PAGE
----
Article – A, An, The

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Definition of Articles


An article is a word used to modify a noun, which is a person, place, object, or idea. Technically, an article is an adjective, which is any word that modifies a noun. Usually, adjectives modify nouns through the description, but articles are used instead to point out or refer to nouns. There are two different types of articles that we use in writing and conversation to point out or refer to a noun or group of nouns: definite and indefinite articles.


Definite Article

Let’s begin by looking at the definite article. This article is the word ‘the,’ and it refers directly to a specific noun or group of nouns. 


For example:

  • The freckles on my face
  • The alligator in the pond
  • The breakfast burrito on my plate


Each noun or group of nouns being referred to – in these cases freckles, alligator, and breakfast burrito – is direct and specific.


Indefinite Articles


Indefinite articles are the words ‘a’ and ‘an.’ Each of these articles is used to refer to a noun, but the noun being referred to is not a specific person, place, object, or idea. It can be any noun from a group of nouns. 


For example:

A Mercedes from the car shop

An event in history


In each case, the noun is not specific. The Mercedes could be any Mercedes car available in the shop , and the event could be any event in the history of the world.



Rules of Using Articles with Examples

Rule 1:

A common noun in the singular number always requires an article before it. But a plural common noun does not require an article always. A plural common noun can have the article ‘the’ if we want to particularise that noun.


  • I saw a snake. (Refers to a random snake)
  • I saw snakes in a zoo. (No article is required)
  • I have seen the snake again. (Refers to the snake I have already seen earlier)
  • I have seen the snakes again before leaving the zoo. (Refers to the particular snakes of the 
  • zoo which I saw earlier.)

Rule 1:

The choice between the two indefinite articles – a & an – is determined by sound. Words beginning with consonant sounds precede ‘a’ and words beginning with vowel sounds precede ‘an’.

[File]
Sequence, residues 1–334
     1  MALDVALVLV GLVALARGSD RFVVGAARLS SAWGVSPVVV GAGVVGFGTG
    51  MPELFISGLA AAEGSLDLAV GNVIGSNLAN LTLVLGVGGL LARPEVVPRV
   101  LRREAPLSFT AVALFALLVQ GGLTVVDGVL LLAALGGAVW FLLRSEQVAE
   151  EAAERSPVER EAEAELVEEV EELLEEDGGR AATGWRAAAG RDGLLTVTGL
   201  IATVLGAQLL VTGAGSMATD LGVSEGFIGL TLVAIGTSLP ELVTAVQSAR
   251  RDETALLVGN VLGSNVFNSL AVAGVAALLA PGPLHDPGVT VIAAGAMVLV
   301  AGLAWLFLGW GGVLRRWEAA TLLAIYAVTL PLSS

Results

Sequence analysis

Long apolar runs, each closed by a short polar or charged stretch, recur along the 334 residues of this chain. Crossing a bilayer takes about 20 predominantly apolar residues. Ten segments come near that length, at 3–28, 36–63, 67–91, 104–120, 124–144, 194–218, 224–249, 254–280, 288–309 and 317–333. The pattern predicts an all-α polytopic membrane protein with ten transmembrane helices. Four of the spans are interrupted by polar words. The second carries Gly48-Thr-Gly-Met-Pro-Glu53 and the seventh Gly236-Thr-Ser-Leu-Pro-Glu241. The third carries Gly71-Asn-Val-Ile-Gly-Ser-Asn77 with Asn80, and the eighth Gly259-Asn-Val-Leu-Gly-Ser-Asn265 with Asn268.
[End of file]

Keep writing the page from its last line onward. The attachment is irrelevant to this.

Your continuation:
• An owl,An umbrella
  • A pencil, A mango

Rule 2

There are some exceptional cases; “ a” is used before words starting with vowel letter but has a consonant sound and “an” is used before a word starting with a constant letter with a vowel sound.

  • a university, a union, a useful book, etc
  • a one-dollar note, a one-man army, etc.
  • an MA, a BA, an LLB, a BSC, etc.qq


Rule 3:

A or an – sometimes makes a Proper Noun a Common Noun. Proper nouns generally do not take any articles, but when a proper noun needs to be used as a common noun, you must bring a or an – for it.  


  • He thinks he is a Shakespeare. (Here, ‘Shakespeare’ does not refer to the actual person but someone like him.)
  • He seems to be an Australian. (‘Australia’ is a proper noun but ‘Australian’ is a common noun because there is only one Australia but a million of Australians.)

Rule 4:

Sometimes indefinite articles are used to refer to the number ‘one’/’each’/’per’.


  • I earned a thousand dollars in that job. (One thousand dollars)
  • I have a car. (One car)
  • It goes 50 miles an hour. (Per Hour)

Rule 5:

Indefinite articles often precede descriptive adjectives.


  • He is a good boy


Rule 6:

‘A’ sometimes comes before determiners, for example,  a few, a little, a lot of, a most, etc. but in the case of many, a or an – comes after.


  • I have a few friends coming over.
  • He was admitted a few hours after the accident
  • Many a fan welcomed